You could say the same thing about Suomela -- assuming the restricted free agent is re-signed -- who has notched four goals and 11 assists over 47 NHL games across the last two seasons. He's still only 26, but has yet to live up to his potential. True, on the other hand, is younger (22 years old) and was fairly noticeable over the course of his NHL debut this season. He should have a good opportunity to begin the season with San Jose, and would seem to be the most likely of the three to carve out a long-term role with the big club.

Why Sharks shouldn't be ruled out if Sabres' Jack Eichel demands trade

Why Sharks shouldn't be ruled out if Sabres' Jack Eichel demands trade

Buffalo Sabres center Jack Eichel is a phenomenal hockey player, and it's easy to understand why he might be frustrated in his current situation. He's one of the top young players in the NHL -- a true franchise centerpiece -- but he'll enter next season having never played for a winning team and will be playing for his third general manager at the professional level.

The 23-year-old has totaled 337 points over his first five seasons in the NHL, and scored a career-high 36 goals in just 68 games this past season before it was cut short due to the coronavirus pandemic. The Sabres finished tied for the third-fewest points in the Eastern Conference, extending their playoff drought to nine seasons.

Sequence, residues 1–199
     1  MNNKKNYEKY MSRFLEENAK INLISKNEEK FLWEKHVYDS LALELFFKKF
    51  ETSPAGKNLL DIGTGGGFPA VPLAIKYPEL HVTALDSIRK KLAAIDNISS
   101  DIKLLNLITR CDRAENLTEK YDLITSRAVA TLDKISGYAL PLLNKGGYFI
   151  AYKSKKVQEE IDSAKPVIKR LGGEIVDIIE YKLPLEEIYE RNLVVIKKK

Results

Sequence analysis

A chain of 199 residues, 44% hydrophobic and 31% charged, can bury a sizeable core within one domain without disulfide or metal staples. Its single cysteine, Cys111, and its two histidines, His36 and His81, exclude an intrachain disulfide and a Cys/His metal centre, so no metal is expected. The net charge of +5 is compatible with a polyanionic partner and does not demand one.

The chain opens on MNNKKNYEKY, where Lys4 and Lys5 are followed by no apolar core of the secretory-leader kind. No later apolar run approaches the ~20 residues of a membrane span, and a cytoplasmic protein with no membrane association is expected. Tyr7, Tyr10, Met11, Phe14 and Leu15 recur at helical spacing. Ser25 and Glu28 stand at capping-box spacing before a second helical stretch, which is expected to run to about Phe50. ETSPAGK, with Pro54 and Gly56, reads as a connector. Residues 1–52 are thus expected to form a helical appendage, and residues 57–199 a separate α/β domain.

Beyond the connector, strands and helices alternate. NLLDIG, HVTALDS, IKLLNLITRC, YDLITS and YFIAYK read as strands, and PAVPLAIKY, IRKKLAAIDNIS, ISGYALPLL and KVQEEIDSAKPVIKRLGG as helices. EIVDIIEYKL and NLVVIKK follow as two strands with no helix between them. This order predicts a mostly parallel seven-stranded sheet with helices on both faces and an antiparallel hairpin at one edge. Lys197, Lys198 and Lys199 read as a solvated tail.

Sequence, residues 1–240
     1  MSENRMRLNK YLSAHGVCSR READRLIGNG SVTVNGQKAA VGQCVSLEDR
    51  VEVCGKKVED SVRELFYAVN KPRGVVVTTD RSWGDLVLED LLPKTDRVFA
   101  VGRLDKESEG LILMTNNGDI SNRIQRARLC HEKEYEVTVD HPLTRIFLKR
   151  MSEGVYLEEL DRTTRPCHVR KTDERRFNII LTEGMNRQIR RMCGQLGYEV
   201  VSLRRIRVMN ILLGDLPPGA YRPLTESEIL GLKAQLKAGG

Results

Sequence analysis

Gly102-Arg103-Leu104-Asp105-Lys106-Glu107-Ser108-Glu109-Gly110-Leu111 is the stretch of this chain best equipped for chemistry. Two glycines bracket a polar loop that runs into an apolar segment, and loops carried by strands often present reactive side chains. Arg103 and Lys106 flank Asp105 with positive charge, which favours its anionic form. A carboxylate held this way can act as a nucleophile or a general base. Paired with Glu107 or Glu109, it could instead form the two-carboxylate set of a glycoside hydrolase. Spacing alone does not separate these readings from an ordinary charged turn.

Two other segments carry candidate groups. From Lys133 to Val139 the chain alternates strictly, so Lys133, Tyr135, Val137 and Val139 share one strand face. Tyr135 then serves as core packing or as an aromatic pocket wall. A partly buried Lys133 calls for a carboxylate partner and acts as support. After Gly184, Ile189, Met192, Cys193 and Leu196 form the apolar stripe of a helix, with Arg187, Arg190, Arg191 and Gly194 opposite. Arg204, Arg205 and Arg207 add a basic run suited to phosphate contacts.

On a conference call with reporters last month, Eichel made it clear he was not satisfied with the trajectory of the franchise.

"Listen, I'm fed up with losing and I'm fed up and I'm frustrated," Eichel said. "It's definitely not an easy pill to swallow right now. It's been a tough couple of months, it's been a tough five years with where things have went."

"I'm a competitor," he added. "I want to win every time I go out on the ice. I want to win the Stanley Cup every time I start a season ... I'd be lying if I said that I'm not getting frustrated with where things are going."

Eichel's comments seemed to have a direct effect on Buffalo's decision to clear house three weeks later, firing GM Jason Botterill along with other executives and scouts. Clearly, the hope is that the new regime will help turn things around in short order. If it doesn't, though, one wonders when Eichel will reach his limit.